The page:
- No buttons – Buttons can easily pop off and fall into food or packaging as well as trap bacteria.
- Strong fabric – low-quality fabric can start to deteriorate after multiple washes. Therefore, the fabric can begin to break apart, fray, and contaminate the food. So, food-handling HACCP uniforms are often made using industrial-grade materials.
HACCP Uniform Guidelines
Once HACCP uniforms are in place it is important to follow certain guidelines to ensure they stay compliant and to standard:
- Clean and sanitized uniforms need to be worn on a daily basis.
- Ensure that there are spare, clean, and sanitized uniforms available if current ones are soiled.
- Avoid using any item of clothing that has become torn, frayed, or otherwise damaged.
- Employees shouldn’t wear any jewellery during their shifts.
- Uniforms should not be worn outside the area where food is handled.
HACCP Compliant Hygienic Laundering
Uniforms can easily contaminate food processing environments; therefore, laundry processes must also be HACCP compliant. Microorganisms can and do survive home washing processes. Coliform bacteria and staphylococcus aureus can survive on cotton fibres for up to 21 days, and 7 days on polyester. These bacteria often survive in a domestic washing machine and can be transported back with a person to the workplace. The only secure way to avoid contamination is by using an industrial washing service. There are various critical control points that apply to commercial washing machines:
- Wash cycles must have temperatures high enough to kill common pathogens
- Chemicals used must kill bacteria and other pathogens that can exist and survive on food products
- The drying temperature must be hot and long enough, to destroy the remaining pathogens without damaging the uniform
- Ensure the proper handling, transporting, and storing of the textiles after the washing and drying are finished
Lindström Catering Clothing Rental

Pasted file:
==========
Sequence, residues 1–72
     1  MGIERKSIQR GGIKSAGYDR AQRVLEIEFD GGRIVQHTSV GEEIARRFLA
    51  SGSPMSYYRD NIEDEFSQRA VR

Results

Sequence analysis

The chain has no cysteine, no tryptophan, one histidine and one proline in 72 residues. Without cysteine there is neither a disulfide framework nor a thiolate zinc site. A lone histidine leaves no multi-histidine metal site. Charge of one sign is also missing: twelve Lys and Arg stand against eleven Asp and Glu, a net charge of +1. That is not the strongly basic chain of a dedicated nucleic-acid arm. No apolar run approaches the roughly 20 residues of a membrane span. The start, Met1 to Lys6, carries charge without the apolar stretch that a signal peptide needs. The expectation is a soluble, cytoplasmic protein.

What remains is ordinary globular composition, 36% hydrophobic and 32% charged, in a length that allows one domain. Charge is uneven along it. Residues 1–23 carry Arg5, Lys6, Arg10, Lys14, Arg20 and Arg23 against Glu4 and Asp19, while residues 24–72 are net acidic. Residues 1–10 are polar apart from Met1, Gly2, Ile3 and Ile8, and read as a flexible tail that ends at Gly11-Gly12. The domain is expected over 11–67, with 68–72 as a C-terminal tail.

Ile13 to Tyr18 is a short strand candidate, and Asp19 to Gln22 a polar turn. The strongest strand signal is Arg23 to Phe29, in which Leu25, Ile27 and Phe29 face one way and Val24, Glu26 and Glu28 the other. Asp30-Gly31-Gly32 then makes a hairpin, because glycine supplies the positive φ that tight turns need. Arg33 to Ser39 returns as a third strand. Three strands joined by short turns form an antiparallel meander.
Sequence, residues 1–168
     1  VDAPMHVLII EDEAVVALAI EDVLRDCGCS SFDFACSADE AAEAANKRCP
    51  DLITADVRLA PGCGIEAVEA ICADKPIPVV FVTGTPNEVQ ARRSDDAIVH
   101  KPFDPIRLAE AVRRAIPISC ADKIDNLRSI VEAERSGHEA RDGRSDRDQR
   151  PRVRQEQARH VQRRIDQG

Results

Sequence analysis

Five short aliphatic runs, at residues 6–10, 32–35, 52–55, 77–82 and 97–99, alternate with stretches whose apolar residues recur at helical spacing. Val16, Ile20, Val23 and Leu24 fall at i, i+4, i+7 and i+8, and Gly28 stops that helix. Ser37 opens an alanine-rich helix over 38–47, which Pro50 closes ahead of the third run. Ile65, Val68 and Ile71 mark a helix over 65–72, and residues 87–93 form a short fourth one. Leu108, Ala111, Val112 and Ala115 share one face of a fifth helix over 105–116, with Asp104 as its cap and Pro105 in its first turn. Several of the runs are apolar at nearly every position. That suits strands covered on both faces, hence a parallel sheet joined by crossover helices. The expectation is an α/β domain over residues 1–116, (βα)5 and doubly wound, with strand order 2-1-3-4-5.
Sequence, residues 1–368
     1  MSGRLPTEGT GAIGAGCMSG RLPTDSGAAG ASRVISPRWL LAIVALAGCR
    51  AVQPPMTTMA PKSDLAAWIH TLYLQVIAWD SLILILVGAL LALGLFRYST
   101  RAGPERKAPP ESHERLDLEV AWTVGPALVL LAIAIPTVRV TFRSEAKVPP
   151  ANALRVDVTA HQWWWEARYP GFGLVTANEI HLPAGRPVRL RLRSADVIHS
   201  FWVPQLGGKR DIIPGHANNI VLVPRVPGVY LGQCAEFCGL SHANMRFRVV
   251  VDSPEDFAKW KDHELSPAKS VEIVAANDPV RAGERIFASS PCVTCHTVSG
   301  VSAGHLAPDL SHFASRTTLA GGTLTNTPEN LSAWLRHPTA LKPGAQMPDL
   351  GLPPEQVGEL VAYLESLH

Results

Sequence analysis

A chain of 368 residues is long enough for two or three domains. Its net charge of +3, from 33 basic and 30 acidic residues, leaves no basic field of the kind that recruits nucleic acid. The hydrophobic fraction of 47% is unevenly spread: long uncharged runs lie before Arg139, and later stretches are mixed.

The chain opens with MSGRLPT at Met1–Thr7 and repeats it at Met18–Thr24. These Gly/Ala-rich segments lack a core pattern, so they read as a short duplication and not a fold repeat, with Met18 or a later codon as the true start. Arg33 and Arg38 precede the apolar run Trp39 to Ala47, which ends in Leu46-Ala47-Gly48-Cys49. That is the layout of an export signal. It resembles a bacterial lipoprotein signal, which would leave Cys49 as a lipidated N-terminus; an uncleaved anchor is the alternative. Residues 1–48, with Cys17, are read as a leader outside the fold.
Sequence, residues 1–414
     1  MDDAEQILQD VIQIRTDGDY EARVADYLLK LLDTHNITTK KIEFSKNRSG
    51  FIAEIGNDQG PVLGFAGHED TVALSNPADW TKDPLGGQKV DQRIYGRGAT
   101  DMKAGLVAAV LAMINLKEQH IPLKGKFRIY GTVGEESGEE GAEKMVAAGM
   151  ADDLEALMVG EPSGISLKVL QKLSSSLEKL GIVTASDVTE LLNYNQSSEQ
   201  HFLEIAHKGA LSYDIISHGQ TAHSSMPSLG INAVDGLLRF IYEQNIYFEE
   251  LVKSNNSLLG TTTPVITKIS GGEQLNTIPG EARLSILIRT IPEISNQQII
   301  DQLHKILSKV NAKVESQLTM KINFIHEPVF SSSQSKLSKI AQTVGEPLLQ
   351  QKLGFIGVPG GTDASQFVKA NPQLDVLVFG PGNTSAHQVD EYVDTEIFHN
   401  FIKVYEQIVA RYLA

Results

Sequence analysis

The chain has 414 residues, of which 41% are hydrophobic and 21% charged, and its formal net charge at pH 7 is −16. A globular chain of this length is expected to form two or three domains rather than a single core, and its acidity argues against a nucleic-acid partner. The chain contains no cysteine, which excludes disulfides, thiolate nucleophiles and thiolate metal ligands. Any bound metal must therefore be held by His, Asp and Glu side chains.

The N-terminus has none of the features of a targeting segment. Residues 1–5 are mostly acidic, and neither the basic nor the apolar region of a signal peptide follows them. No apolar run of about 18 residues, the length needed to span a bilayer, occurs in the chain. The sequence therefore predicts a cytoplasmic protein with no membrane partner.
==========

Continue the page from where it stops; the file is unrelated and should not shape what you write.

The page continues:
Here at Lindström, we ensure you can provide your employees with the best possible HACCP uniforms. Our garments meet the highest hygiene standards set for food processing. Our workwear complies with HACCP (Hazard Analysis and Critical Control Points) and we follow the EU standard EN-14065 to ensure the required hygiene level throughout the service process.
What is EN-14065?
BS EN 14065 is an established basis for assuring the microbiological quality of laundered textiles. It is recognised in over 30 countries across Europe. The standard sets out a number of process control requirements that the laundry must implement and monitor in its daily operations including:
- Identifying and recording potential biocontamination hazards
- Assessing risks and potential impacts
- Setting up a team responsible for the system and controls
- Implementing and operating the system
- Putting in place monitoring systems
- Recording results and non-conformance with systems
- Reviewing the effectiveness of the system completing internal audits
Ensure that your employees always have enough hygienic workwear to protect themselves, the production, and your working environments. Our catering clothes include chef jackets, chef trousers, chef hats, and chef whites. All our catering jackets are available in various sizes, come in short and long sleeves and boast straight sleeve openings that are adjustable with press buttons.
Catering workwear rental is a smart economic option that is kind to the environment and removes the hassles of supplying, laundering, and repairing damaged uniforms. For more details on our catering clothing rental range, please contact us on 01234 866 210 or email email@example.com.